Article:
20. Fahrig L (2003) Effects of habitat fragmentation on biodiversity. Annu Rev Ecol Evol S 34:487–515CrossRefGoogle Scholar
  21. Gaines SD, Roughgarden J (1987) Fish in offshore kelp forests affect recruitment to intertidal barnacle populations. Science 235:479–481PubMedCrossRefGoogle Scholar
  22. Hamilton J, Konar B (2007) Implications of substrate complexity and kelp variability for south-central Alaskan nearshore fish communities. Fish B-NOAA 105:189–196Google Scholar
  23. Hixon MA, Beets JP (1993) Predation, prey refuges, and the structure of coral-reef fish assemblages. Ecol Monogr 63:77–101CrossRefGoogle Scholar
  24. Jelbart JE, Ross PM, Connolly RM (2007) Patterns of small fish distributions in seagrass beds in a temperate Australian estuary. J Mar Biol Ass U K 87:1297–1307CrossRefGoogle Scholar
  25. Johnson MP, Frost NJ, Mosley MWJ, Roberts MF, Hawkins SJ (2003a) The area-independent effects of habitat complexity on biodiversity vary between regions. Ecol Lett 6:126–132CrossRefGoogle Scholar
  26. Johnson SW, Murphy ML, Csepp DJ (2003b) Distribution, habitat, and behavior of rockfishes, Sebastes spp., in nearshore waters of southeastern Alaska: observations from a remotely operated vehicle. Environ Biol Fish 66:259–270CrossRefGoogle Scholar
  27. Jorgensen SJ, Kaplan DM, Klimley AP, Morgan SG, O’Farrell MR, Botsford LW (2006) Limited movement in blue rockfish Sebastes mystinus: internal structure of home range. Mar Ecol-Prog Ser 327:157–170CrossRefGoogle Scholar
  28. Levin PS (1993) Habitat structure, conspecific presence and spatial variation in the recruitment of a temperate reef fish. Oecologia 94:176–185CrossRefGoogle Scholar
  29. Lima SL, Dill LM (1990) Behavioral decisions made under the risk of predation: a review and prospectus. Can J Zoolog 68:619–640CrossRefGoogle Scholar
  30. Love M, Carr M, Haldorson L (1991) The ecology of substrate-associated juveniles of the genus Sebastes. Environ Biol Fish 30:225–243CrossRefGoogle Scholar
  31. Love MS, Yoklavich M, Thorsteinson L (2002) The rockfishes of the northeast Pacific. University of California Press, BerkeleyGoogle Scholar
  32. MacArthur RH (1965) Patterns of species diversity. Biol Rev 40:510–533CrossRefGoogle Scholar
  33. Napazakov V (2010) The diet of white-spotted greenling Hexagrammos stelleri (Hexagrammidae) on the West Kamchatka shelf. J Ichthyol 50:100–104CrossRefGoogle Scholar
  34. Öhman MC, Rajasuriya A (1998) Relationships between habitat structure and fish communities on coral and sandstone reefs. Environ Biol Fish 53:19–31CrossRefGoogle Scholar
  35. Opdam P, Wascher D (2004) Climate change meets habitat fragmentation: linking landscape and biogeographical scale levels in research and conservation. Biol Conserv 117:285–297CrossRefGoogle Scholar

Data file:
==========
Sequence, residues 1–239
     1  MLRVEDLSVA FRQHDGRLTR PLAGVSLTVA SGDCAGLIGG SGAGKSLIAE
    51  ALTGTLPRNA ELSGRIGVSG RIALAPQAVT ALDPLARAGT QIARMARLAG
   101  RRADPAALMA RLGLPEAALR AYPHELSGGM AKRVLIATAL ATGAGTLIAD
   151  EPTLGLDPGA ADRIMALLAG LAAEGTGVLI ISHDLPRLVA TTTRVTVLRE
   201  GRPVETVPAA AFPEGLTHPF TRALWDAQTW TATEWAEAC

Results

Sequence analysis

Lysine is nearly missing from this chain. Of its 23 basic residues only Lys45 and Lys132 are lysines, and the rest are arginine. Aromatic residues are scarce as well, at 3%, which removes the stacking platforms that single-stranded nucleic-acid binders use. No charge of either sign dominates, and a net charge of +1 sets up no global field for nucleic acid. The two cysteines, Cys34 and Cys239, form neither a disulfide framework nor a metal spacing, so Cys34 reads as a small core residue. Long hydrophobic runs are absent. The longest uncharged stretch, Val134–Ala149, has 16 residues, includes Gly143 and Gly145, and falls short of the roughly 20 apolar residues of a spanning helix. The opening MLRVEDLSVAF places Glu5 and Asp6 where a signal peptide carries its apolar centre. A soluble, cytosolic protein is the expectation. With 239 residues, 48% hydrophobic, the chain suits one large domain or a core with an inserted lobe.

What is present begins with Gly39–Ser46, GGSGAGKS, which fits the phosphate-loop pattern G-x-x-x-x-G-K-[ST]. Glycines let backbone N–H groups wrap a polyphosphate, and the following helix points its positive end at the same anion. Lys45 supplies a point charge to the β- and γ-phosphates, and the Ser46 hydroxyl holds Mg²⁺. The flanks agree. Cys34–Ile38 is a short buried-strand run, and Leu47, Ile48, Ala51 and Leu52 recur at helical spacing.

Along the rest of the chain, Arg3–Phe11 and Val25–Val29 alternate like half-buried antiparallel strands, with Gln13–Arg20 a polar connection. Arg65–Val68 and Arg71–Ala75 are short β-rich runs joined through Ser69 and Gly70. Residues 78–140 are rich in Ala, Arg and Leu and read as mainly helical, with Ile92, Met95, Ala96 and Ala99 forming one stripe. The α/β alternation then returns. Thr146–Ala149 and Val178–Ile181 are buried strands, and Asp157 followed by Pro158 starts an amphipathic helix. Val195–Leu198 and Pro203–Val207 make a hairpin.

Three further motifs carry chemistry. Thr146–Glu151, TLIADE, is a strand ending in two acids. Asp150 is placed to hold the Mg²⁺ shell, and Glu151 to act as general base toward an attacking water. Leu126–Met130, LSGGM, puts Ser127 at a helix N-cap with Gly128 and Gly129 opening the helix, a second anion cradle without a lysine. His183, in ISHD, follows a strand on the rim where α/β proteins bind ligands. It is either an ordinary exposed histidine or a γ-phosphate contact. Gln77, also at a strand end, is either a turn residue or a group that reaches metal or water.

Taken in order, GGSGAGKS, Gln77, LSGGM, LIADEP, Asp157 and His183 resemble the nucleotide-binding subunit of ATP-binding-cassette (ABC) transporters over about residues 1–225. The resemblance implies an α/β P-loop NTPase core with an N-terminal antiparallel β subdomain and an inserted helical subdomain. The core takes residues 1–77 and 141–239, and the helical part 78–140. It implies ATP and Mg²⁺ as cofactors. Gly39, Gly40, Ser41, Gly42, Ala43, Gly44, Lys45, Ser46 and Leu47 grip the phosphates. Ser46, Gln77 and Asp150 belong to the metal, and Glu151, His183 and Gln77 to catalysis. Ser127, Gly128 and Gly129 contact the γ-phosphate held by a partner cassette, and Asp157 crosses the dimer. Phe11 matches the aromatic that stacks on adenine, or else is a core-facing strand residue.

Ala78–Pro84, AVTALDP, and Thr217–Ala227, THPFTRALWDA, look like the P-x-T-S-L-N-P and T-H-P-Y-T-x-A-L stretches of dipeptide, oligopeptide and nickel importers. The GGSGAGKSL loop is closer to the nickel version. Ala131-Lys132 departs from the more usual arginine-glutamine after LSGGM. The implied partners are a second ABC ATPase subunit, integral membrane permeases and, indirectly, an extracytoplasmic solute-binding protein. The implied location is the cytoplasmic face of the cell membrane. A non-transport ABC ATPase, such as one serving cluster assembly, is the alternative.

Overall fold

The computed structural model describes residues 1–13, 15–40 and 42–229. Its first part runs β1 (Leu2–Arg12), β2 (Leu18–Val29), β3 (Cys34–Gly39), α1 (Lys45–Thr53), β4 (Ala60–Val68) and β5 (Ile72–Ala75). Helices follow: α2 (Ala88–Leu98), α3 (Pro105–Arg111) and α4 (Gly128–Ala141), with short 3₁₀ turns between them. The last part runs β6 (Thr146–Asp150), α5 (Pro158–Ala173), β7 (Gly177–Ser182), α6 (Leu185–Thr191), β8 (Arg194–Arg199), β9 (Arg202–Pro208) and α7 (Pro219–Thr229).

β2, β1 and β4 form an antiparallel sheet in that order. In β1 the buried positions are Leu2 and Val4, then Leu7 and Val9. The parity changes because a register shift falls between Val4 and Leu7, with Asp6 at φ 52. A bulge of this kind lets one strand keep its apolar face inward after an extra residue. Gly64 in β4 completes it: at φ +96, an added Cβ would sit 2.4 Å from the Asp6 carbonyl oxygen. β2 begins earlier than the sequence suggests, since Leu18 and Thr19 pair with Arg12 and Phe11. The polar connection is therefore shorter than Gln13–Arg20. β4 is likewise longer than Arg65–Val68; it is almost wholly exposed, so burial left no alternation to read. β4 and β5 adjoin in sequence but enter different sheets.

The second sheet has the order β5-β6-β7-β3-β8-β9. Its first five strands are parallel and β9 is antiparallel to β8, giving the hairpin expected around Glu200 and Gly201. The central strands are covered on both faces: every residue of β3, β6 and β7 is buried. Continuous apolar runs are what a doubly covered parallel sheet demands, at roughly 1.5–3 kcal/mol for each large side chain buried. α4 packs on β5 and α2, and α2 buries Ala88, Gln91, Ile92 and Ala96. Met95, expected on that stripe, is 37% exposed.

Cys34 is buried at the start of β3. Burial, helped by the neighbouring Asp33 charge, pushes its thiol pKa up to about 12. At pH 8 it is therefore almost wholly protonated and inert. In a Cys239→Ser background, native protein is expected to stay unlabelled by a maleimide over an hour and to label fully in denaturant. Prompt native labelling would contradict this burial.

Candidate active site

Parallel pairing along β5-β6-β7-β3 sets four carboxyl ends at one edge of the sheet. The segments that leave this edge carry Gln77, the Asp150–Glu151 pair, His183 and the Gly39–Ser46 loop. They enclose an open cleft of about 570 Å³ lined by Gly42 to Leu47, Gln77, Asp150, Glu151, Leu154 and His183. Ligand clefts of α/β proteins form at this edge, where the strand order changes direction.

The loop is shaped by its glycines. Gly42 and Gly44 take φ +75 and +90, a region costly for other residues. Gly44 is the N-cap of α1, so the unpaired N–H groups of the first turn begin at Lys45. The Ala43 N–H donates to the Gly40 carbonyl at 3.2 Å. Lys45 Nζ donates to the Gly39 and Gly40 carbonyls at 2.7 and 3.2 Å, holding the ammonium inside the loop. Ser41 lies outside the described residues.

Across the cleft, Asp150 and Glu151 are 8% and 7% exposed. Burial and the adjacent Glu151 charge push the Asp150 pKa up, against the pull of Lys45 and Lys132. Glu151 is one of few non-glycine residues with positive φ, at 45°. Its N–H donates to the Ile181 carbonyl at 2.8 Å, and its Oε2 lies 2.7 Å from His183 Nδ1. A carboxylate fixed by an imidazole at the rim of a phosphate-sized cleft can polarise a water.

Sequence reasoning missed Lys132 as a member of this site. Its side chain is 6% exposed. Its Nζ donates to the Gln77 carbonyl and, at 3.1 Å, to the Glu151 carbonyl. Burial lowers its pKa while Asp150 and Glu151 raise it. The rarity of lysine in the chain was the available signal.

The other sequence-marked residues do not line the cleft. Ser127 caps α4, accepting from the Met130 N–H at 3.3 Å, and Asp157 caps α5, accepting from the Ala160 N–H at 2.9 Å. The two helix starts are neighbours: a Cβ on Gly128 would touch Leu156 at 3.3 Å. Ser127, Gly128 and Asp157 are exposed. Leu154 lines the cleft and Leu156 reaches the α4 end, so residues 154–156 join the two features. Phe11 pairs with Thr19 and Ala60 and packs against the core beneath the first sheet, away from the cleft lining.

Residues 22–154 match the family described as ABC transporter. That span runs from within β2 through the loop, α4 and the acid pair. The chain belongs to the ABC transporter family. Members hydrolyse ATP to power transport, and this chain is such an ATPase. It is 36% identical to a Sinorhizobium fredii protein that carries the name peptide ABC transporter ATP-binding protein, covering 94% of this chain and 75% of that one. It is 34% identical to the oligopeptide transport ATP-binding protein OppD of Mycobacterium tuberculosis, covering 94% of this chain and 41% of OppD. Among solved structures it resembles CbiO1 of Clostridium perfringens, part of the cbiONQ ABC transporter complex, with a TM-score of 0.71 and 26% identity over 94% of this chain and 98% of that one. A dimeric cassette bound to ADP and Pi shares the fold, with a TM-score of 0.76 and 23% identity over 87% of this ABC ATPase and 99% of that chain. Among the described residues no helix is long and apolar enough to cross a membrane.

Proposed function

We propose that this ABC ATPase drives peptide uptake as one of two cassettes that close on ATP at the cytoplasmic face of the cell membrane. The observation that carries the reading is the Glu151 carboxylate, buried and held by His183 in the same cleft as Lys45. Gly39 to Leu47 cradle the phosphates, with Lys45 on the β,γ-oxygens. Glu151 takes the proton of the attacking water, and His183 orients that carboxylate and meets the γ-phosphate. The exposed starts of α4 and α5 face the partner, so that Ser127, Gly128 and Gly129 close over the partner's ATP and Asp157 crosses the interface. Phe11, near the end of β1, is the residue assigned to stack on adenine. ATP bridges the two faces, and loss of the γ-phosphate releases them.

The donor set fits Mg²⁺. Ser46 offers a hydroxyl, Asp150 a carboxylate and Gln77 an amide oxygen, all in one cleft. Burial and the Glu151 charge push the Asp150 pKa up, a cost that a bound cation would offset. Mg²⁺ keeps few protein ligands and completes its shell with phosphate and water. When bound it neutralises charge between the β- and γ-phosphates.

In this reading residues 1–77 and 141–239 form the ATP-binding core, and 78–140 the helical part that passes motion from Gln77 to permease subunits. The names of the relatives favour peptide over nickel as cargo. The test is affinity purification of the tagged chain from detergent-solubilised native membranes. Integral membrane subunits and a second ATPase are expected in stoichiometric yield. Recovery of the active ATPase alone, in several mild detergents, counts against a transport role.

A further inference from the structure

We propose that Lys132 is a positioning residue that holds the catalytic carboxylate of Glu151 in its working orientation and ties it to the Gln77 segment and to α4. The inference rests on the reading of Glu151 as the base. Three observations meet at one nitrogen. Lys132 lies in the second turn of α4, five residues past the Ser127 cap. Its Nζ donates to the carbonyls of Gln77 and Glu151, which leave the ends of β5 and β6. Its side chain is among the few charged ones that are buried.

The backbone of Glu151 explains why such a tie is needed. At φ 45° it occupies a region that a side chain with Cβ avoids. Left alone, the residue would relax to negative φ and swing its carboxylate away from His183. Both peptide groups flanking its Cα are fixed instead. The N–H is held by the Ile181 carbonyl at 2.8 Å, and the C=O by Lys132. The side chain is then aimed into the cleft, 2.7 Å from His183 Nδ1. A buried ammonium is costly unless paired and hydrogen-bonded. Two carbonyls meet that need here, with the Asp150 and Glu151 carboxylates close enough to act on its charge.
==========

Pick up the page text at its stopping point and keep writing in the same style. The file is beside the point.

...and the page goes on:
36. Pérez-Matus A, Shima JS (2010) Disentangling the effects of macroalgae on the abundance of temperate reef fishes. J Exp Mar Biol Ecol 388:1–10CrossRefGoogle Scholar
  37. Pérez-Matus A, Ferry-Graham LA, Cea A, Vasquez JA (2007) Community structure of temperate reef fishes in kelp-dominated subtidal habitats of northern Chile. Mar Fresh Res 58:1069–1085CrossRefGoogle Scholar
  38. Rangeley RW, Kramer DL (1998) Density-dependent antipredator tactics and habitat selection in juvenile pollock. Ecology 79:943–952CrossRefGoogle Scholar
  39. Reisewitz S, Estes J, Simenstad C (2006) Indirect food web interactions: sea otters and kelp forest fishes in the Aleutian archipelago. Oecologia 146:623–631PubMedCrossRefGoogle Scholar
  40. Scott WB, Scott MG (1988) Atlantic fishes of Canada. University of Toronto Press, TorontoGoogle Scholar
  41. Siddon EC, Siddon CE, Stekoll MS (2008) Community level effects of Nereocystis luetkeana in southeastern Alaska. J Exp Mar Biol Ecol 361:8–15CrossRefGoogle Scholar
  42. Smith TM, Hindell JS, Jenkins GP, Connolly RM (2008) Edge effects on fish associated with seagrass and sand patches. Mar Ecol-Prog Ser 359:203–213CrossRefGoogle Scholar
  43. Smith TM, Hindell JS, Jenkins GP, Connolly RM (2010) Seagrass patch size affects fish responses to edges. J Anim Ecol 79:275–281PubMedCrossRefGoogle Scholar
  44. Smith TM, Hindell JS, Jenkins GP, Connoll RM, Keough MJ (2011) Edge effects in patchy seagrass landscapes: The role of predation in determining fish distribution. J Exp Mar Biol Ecol 399:8–16CrossRefGoogle Scholar
  45. Tupper M, Boutilier R (1997) Effects of habitat on settlement, growth, predation risk and survival of a temperate reef fish. Mar Ecol-Prog Ser 151:225–236CrossRefGoogle Scholar
  46. Villegas MJ, Laudien J, Siefeld W, Arntz WE (2007) Macrocystis integrifolia and Lessonia trabeculata (Laminariales; Phaeophyceae) kelp habitat structures and associated macrobenthic community off northern Chile. Helgol Mar Res 62:S33–S43. doi: 10.1007/s10152-007-0096-1 CrossRefGoogle Scholar
  47. Vonk JA, Christianen MJA, Stapel J (2010) Abundance, edge effect, and seasonality of fauna in mixed-species seagrass meadows in southwest Sulawesi, Indonesia. Mar Biol Res 6:282–291CrossRefGoogle Scholar
  48. Wentworth CK (1922) A scale of grade and class terms for clastic sediments. J Geol 30:377–392CrossRefGoogle Scholar
  49. Wong MYL, Munday PL, Jones GP (2005) Habitat patch size, facultative monogamy and sex change in a coral-dwelling fish, Caracanthus unipinna. Environ Biol Fish 74:141–150CrossRefGoogle Scholar

Copyright information

© Springer Science+Business Media Dordrecht 2013

Authors and Affiliations

  1. 1.School of Fisheries and Ocean SciencesUniversity of AlaskaFairbanksUSA

Personalised recommendations